WATCH THE THRONE. The phrase in itself inherently implies that one is to guard, protect, or remain vigilant over a possession. So, for the sake of argument—and for the purposes of this article—let’s imagine that possession to be an NBA title.
Now I already know that most of you are ready to point out that Michael Jordan won his first ring while wearing the Air Jordan 6. So based on the definition given, how could he guard his possession—the NBA championship—if he hadn’t won it yet? Well, therein lies the beauty of the headline.
See, Michael didn’t actually break out the Air Jordan 6 Carmine on an NBA court until the beginning of the 1991-92 season. By then, he and the Chicago Bulls had already won their first title, having defeated the L.A. Lakers in five games. And knowing how history played out from there, this would mean that MJ was in “Watch the Throne” mode to re-up and defend their championship heading into 1992. Hence the headline of this article.
See back then, Mike wouldn’t break out the newest Air Jordan model until that season’s All-Star break. Up until that point, he would wear the previous silhouette, usually in an alternate or PE colorway. When MJ finally did debut the Air Jordan VI for the latter half of their 1990-91 schedule, he wore the “White/Infrared” colorway during the regular season and the infamous “Black/Infrared” colorway during the playoffs and finals. So essentially, the “Carmine” Air Jordan VI acted as a bridge between two championship seasons.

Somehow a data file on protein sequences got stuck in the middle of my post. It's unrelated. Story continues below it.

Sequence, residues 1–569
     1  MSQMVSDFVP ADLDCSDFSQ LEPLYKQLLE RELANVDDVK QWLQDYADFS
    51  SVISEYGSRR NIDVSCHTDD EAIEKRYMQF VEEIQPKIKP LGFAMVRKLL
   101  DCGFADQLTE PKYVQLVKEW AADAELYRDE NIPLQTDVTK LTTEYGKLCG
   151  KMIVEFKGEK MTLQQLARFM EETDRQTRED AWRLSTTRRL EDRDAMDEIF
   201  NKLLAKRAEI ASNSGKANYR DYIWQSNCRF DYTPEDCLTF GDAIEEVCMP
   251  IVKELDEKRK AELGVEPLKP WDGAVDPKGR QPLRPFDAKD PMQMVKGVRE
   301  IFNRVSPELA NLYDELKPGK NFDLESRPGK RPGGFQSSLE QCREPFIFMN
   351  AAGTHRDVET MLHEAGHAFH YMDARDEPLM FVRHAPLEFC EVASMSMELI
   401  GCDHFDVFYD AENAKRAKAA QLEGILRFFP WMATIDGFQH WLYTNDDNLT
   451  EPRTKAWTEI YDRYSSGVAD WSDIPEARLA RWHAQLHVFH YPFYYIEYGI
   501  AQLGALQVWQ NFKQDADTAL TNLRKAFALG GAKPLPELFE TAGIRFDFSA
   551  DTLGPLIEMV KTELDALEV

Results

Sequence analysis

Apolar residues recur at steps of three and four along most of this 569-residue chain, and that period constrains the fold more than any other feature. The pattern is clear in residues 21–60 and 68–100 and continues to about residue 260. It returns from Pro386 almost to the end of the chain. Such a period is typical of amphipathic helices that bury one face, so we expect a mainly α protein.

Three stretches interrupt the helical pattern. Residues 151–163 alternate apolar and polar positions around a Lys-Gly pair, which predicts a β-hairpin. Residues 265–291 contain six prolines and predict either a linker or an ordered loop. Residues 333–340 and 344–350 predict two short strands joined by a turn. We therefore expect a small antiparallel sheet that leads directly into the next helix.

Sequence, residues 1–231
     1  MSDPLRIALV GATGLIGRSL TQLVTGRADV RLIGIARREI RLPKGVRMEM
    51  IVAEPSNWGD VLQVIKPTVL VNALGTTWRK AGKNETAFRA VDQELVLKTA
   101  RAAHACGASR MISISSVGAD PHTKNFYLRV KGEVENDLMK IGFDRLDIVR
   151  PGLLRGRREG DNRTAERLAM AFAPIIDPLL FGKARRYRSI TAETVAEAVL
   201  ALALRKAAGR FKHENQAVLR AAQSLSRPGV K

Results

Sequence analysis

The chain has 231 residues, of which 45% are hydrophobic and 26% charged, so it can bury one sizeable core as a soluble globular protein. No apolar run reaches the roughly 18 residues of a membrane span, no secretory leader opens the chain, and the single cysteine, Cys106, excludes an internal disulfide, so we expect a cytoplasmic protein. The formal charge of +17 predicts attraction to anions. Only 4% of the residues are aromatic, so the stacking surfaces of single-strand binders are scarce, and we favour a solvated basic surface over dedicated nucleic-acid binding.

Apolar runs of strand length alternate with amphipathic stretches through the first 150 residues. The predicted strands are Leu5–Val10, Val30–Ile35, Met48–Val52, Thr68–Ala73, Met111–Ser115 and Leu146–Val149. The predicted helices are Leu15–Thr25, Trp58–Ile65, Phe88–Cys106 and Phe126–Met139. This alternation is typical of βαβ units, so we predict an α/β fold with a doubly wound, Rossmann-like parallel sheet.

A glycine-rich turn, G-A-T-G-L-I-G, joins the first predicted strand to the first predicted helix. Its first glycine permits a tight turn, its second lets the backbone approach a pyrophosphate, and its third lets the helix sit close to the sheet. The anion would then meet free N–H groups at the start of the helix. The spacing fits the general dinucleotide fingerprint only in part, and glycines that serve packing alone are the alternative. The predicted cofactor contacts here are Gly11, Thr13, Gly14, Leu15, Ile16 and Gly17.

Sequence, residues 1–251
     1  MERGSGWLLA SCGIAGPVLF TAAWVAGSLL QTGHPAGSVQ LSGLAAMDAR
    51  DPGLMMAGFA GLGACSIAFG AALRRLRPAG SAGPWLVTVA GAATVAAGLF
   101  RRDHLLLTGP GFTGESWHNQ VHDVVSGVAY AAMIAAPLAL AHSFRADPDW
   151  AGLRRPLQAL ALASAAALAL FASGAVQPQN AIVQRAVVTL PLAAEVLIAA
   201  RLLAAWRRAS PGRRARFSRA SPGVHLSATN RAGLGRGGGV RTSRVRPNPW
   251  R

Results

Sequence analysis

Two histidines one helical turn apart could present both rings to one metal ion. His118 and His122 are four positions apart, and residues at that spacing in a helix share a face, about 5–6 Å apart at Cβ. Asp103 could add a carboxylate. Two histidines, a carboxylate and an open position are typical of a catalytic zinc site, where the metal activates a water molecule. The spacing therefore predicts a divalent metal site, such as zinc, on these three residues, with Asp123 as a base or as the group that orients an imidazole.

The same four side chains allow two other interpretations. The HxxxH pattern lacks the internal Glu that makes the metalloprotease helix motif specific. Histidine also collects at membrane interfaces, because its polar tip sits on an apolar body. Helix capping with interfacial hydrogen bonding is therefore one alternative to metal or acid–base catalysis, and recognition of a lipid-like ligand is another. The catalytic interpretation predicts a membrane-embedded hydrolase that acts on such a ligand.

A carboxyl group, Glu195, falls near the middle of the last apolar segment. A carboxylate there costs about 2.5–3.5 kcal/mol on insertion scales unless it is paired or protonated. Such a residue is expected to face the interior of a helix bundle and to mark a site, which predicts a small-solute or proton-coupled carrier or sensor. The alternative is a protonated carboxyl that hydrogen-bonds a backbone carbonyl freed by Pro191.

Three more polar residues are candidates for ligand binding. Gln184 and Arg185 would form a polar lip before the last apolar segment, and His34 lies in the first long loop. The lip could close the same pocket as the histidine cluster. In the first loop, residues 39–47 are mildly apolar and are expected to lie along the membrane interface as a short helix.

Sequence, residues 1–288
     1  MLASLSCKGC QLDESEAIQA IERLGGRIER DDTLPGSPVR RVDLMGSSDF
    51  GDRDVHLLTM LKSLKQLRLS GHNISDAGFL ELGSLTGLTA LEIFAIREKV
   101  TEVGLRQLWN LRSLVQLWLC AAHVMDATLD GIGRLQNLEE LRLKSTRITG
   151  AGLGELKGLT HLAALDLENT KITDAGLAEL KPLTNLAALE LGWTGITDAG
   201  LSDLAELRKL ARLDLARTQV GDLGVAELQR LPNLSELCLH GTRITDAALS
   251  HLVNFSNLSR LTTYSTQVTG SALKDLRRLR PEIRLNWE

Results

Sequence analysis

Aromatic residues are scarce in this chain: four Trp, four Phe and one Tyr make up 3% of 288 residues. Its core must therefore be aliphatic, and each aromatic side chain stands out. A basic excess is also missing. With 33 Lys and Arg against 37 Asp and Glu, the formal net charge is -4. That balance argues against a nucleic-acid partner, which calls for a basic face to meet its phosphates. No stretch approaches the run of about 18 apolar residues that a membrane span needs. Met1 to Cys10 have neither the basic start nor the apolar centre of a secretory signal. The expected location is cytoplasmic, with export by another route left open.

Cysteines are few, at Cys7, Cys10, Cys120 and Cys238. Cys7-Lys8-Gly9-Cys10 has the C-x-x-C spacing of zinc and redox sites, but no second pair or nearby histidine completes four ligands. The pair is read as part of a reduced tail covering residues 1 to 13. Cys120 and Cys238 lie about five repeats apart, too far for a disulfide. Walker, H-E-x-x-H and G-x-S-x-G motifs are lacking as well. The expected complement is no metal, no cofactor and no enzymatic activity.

But despite the history surrounding it, the best part about ANY Air Jordan is its namesake. As a kid growing up, the greatest commercial, pitch, or plug for any Jordan sneaker was simply to watch Michael Jordan play the game of basketball. You can put all the Nike branding you want on the shoe. (Ironically, the Air Jordan VI would be the last Air Jordan signature model to feature “Nike Air” visibly anywhere on the sneaker—other than the insole—until the Air Jordan XXX3). You can have Spike Lee produce all the commercials. You can have all the celebrities you want posting their pair on social media. At the end of the day, Michael Jordan sold Air Jordan sneakers better than anyone sold anything else. EVER! Hell, his ability to push product even extended beyond sneakers. You wanted to drink Gatorade because HE drank it. You wanted to eat Wheaties because HE ate it. You wanted to wear Hanes…err, Jordans… because HE wore them. He embodied swag. He was the epitome of cool. He made you want to be “Like Mike”. And the “Carmine” Air Jordan VI was one out of many sneakers in his signature line that did just that. Or at least made you feel like it…